Culture secretary

Privatization of Channel 4: the British secretary for culture details the advantages

UK Culture Secretary Oliver Dowden is expected to outline the financial benefits privatization could bring to UK public service broadcaster Channel 4.

On Tuesday, in response to a consultation from the UK Department for Digital, Culture, Media and Sport (DCMS) on the privatization plan, Channel 4 warned that its public service remit would be compromised in favor of profits in the event of a privatization.

In his speech at the Royal Television Society (RTS) convention in Cambridge on Wednesday, Dowden will argue that further private investment could usher in a new era for Channel 4 as the leading public service broadcaster creating unique content and taking risks that reflects modern Brittany.

In the speech, in which he is also expected to announce new measures to protect the success of UK broadcasting, Dowden will recall that Channel 4’s status as PSB will continue in the event of a sale, with the obligations and requirements that come with it. . .

Dowden will say private investment could give Channel 4 more opportunities, such as the deal with Amazon Prime Video for the rights to broadcast Emma Raducanu’s US Open victory and recent Paralympic Games coverage. He will argue that this is the best chance to secure a prosperous and sustainable future for Channel 4 in the face of intense competition from the continued rise of on-demand rivals such as Netflix and Amazon.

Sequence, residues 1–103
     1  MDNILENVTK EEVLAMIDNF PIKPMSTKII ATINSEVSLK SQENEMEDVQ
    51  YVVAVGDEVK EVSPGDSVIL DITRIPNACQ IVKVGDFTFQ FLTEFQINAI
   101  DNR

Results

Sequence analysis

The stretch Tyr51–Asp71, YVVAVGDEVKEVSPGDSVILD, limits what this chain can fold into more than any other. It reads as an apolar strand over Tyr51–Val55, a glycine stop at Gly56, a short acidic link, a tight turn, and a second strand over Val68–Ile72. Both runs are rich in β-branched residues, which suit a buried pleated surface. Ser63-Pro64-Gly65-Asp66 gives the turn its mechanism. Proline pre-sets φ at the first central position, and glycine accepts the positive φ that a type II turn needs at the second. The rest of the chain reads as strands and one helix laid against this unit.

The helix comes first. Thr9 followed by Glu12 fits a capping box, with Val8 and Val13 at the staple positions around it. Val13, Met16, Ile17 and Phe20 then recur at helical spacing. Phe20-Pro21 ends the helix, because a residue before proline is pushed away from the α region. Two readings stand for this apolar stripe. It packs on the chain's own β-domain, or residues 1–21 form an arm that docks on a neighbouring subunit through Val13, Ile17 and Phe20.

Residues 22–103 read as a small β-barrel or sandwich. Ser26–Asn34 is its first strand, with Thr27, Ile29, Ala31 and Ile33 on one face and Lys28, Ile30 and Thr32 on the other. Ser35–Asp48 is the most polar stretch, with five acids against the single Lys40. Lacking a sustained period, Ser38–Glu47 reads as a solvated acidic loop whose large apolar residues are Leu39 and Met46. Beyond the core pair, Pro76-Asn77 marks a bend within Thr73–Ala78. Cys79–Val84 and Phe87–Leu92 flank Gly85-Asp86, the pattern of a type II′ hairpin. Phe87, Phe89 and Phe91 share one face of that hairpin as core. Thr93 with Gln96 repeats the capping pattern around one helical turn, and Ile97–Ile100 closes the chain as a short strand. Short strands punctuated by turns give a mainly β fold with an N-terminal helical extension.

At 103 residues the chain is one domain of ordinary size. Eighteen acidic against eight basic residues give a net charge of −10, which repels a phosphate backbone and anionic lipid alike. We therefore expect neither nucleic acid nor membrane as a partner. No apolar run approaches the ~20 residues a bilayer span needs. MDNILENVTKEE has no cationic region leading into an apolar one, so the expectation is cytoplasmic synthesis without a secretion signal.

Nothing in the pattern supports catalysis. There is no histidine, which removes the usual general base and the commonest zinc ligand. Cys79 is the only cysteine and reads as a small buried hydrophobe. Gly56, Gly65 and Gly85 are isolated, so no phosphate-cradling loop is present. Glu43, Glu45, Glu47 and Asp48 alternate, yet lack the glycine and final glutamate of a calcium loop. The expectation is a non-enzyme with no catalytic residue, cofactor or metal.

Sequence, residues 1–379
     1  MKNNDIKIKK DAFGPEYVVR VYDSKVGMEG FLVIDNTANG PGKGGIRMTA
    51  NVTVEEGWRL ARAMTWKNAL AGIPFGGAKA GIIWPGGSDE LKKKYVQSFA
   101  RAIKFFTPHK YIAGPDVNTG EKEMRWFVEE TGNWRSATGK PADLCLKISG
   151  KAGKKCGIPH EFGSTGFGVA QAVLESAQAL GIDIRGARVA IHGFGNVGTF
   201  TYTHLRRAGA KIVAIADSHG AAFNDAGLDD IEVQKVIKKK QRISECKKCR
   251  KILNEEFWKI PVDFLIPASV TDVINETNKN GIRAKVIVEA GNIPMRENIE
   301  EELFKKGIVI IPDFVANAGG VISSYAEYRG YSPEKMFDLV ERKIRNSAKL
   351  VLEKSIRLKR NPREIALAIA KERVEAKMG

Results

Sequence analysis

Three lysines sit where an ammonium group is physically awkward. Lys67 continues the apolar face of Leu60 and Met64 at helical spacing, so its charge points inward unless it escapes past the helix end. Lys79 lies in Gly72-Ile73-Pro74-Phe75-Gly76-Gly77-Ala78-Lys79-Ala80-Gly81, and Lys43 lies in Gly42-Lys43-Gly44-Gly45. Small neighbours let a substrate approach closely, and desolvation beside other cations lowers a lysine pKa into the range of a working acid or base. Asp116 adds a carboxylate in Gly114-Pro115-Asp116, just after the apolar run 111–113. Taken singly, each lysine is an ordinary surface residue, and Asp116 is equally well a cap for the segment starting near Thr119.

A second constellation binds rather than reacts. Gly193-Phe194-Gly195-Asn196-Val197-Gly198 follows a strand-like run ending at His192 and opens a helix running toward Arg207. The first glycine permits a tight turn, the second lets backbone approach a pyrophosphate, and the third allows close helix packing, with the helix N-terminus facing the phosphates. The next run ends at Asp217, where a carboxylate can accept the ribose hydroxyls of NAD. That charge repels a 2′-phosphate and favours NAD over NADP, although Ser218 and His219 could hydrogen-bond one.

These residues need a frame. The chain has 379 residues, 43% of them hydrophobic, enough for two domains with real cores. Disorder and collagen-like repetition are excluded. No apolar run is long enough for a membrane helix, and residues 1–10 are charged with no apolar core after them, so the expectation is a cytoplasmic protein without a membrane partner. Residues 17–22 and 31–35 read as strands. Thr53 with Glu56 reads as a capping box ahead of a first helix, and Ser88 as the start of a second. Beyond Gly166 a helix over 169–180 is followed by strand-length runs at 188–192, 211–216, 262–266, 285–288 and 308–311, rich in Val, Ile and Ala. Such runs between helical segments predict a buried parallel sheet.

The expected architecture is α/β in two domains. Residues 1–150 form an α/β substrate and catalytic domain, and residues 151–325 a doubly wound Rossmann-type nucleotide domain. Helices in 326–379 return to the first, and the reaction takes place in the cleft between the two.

“Channel 4 is one of this country’s greatest assets… A clear way to ensure that our UK broadcasters thrive is to put them in the right financial position to compete and succeed for decades to come – little it doesn’t matter what the future of broadcasting holds,” says Dowden. should say at the convention. “I believe that if Channel 4 wants to grow, it will soon need the money. Without it, Channel 4 will not have the money to invest in technology and programming, and it will not be able to compete with the giants of the streaming.

“The next obvious question: where does this money come from? It can either come on the backs of the taxpayer or come from private investment. And it’s my strong position – as a point of principle – that I don’t believe the A commercial TV loan should be guaranteed by a grandmother in Stockport or Southend,” Dowden is expected to say.

Dowden will also challenge people to suggest better ways to protect Channel 4’s future and its public service mission than private investment, saying ‘standing still’ would be an ‘act of self-harm’.